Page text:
MAC: Mines and Communities

Cpm Twin Stands On Tatas

Published by MAC on 2006-06-04
Source: The Telegraph

CPM twin stands on Tatas

The Telegraph (Calcutta)

4th June 2006

As the Left Front government in Bengal tries to win over farmers in its bid to acquire land for Tata Motors’ small-car unit in Hooghly district, CPM workers in Chhattisgarh’s Bastar region have joined hands with villagers in their opposition to Tata Steel’s proposed mega plant.

The villagers have been protesting against the 5-million-tonne greenfield Project — proposed to come up at Lohaniguda near Jagdalpur — around 300 km from the state capital, as it would lead to loss of land.

Although some regional leaders of the BJP are believed to have extended support to the villagers in their movement, they did not do so openly as it would have led to embarrassment for the government. As a result, the villagers continued their protest with little external help.

With the Marxists deciding to join the battle, the issue looks set to take a new turn.

Exactly a year after the company inked a memorandum of understanding with the Raman Singh government to set up the Rs 10,000-crore plant, the land for the mega project is yet to be finalised.

A senior administrative official involved in the land allotment process conceded that the journey ahead is unlikely to be smooth for the company and the government as a major political party like the CPM has thrown its weight behind the people’s movement.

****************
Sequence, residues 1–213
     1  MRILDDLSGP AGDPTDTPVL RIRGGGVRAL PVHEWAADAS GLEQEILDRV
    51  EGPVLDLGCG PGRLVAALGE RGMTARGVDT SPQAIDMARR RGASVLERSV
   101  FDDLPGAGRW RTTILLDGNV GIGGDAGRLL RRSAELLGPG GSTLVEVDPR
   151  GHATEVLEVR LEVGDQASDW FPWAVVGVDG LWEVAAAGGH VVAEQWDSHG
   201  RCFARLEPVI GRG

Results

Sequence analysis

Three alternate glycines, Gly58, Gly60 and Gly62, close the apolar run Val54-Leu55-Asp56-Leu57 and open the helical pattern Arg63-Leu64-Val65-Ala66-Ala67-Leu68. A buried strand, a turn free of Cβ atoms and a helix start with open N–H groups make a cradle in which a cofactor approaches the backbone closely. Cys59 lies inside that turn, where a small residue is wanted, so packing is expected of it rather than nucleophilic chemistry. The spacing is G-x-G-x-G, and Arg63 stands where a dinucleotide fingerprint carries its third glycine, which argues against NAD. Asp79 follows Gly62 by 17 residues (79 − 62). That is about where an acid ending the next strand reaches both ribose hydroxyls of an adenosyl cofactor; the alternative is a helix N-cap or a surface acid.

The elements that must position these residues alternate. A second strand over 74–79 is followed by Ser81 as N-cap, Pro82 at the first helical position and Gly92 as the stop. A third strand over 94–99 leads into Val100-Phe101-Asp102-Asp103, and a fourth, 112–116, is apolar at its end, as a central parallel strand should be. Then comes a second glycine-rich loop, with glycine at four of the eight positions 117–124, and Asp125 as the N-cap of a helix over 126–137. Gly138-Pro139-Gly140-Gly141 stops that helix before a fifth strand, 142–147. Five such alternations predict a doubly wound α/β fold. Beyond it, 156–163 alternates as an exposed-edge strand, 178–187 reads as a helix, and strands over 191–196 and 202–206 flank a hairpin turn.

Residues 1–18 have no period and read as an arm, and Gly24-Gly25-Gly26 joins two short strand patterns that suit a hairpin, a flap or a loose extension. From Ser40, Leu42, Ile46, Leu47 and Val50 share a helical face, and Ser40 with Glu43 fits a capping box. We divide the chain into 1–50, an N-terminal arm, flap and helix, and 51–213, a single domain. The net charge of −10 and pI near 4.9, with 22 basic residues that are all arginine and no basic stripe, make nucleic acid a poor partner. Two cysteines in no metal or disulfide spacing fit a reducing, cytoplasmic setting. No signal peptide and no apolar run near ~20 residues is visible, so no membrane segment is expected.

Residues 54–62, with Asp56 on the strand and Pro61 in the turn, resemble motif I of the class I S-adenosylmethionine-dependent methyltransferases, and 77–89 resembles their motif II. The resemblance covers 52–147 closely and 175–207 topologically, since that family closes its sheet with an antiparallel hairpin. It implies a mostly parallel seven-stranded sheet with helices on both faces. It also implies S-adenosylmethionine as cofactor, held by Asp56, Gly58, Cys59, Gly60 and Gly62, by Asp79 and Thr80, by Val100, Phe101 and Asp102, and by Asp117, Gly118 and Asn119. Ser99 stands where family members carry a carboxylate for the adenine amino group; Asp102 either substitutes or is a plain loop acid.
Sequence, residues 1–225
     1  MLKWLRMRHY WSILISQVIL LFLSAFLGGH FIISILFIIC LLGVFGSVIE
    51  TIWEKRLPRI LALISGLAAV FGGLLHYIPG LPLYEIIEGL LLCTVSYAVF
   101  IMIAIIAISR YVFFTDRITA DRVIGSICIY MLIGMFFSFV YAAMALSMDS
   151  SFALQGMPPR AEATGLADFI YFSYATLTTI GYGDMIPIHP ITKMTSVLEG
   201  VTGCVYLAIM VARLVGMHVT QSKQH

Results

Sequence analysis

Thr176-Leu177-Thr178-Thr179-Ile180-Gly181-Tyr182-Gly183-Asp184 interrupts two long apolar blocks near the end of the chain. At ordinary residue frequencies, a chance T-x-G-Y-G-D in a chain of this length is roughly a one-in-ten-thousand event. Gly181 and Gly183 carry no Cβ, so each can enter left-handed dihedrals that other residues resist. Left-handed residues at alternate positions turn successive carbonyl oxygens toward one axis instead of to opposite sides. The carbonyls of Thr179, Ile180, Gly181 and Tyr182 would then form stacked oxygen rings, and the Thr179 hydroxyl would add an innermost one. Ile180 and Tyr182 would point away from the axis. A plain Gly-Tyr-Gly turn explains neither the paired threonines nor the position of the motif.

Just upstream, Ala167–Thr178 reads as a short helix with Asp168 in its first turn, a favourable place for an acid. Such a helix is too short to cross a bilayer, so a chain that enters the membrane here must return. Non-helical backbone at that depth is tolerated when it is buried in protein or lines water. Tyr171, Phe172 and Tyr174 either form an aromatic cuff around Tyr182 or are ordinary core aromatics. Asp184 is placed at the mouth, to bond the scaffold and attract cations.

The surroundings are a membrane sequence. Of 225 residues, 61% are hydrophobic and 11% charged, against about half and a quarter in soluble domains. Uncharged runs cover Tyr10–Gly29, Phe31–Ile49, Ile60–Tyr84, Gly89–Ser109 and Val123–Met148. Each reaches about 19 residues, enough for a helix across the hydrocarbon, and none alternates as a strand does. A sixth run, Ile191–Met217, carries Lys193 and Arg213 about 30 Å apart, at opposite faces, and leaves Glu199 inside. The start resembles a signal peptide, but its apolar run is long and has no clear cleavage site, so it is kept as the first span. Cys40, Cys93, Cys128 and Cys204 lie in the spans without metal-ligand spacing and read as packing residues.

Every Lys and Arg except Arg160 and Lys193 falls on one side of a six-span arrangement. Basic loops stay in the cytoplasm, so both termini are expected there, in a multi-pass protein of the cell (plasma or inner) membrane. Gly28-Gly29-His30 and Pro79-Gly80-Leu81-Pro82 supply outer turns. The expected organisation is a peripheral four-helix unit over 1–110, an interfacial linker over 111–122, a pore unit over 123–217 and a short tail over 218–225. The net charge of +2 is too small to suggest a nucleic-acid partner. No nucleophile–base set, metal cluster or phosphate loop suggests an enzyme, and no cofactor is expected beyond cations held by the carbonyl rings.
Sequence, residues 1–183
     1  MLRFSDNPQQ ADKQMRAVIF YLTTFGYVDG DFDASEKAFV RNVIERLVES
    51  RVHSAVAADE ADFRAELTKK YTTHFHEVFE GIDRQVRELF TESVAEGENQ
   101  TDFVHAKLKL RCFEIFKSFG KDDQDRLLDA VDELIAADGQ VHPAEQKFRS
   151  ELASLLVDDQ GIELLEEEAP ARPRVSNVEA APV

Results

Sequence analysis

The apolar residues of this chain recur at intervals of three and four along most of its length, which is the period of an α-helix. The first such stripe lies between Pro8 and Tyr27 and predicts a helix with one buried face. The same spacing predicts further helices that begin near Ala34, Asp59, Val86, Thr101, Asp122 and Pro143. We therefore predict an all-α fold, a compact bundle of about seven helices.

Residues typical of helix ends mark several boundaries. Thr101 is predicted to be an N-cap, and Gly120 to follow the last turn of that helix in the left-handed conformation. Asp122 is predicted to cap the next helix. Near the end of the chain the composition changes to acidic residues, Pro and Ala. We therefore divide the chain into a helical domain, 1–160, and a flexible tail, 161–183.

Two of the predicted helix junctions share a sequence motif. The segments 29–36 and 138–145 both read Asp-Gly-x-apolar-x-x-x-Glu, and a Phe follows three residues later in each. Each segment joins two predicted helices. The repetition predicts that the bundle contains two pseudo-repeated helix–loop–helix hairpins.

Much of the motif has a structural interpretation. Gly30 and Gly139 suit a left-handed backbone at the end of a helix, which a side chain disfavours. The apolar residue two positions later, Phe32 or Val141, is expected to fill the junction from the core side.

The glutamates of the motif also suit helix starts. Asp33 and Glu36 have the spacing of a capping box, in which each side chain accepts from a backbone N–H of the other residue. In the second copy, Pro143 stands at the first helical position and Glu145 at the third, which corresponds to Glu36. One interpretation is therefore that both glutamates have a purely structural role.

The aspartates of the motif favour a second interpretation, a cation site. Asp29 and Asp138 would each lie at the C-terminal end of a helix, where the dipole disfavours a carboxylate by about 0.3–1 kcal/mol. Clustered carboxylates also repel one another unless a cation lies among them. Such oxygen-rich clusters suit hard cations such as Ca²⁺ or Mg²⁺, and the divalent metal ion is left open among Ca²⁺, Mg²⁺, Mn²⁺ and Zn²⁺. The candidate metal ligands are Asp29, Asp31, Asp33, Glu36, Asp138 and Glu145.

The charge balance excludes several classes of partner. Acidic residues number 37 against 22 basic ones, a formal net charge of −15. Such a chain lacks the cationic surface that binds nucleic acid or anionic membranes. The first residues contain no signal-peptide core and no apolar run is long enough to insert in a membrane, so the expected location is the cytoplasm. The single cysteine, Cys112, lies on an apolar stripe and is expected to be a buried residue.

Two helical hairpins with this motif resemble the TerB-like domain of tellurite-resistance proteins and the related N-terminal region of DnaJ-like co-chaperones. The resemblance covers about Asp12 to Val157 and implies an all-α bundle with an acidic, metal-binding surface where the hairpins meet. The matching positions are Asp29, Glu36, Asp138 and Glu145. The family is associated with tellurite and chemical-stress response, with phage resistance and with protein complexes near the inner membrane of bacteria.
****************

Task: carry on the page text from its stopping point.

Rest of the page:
The CPM’s stand seems to have taken the steel major by “surprise”.

A senior official who was recently in town said while the communists in Bengal were extending all support to the Tata small-car project, their counterparts in Chhattisgarh were following a “different” line. This is something hard to understand, he added.

The CPM, on the other hand, sees no contradiction in its stand on industrialisation in the two states.

Party state secretariat member Dharamraj Mahapatra told The Telegraph: “The situation in Bengal is totally different from the one in Chhattisgarh. In Bengal, Tata’s project will be implemented with the consent of the people. But in Chhattisgarh, the villagers will not be taken into confidence.”

Mahapatra tried to allay fears, saying the party was not opposed to industrialisation. “All that we demand is proper rehabilitation for Bastar’s tribals, who stand to lose their land,” he added.

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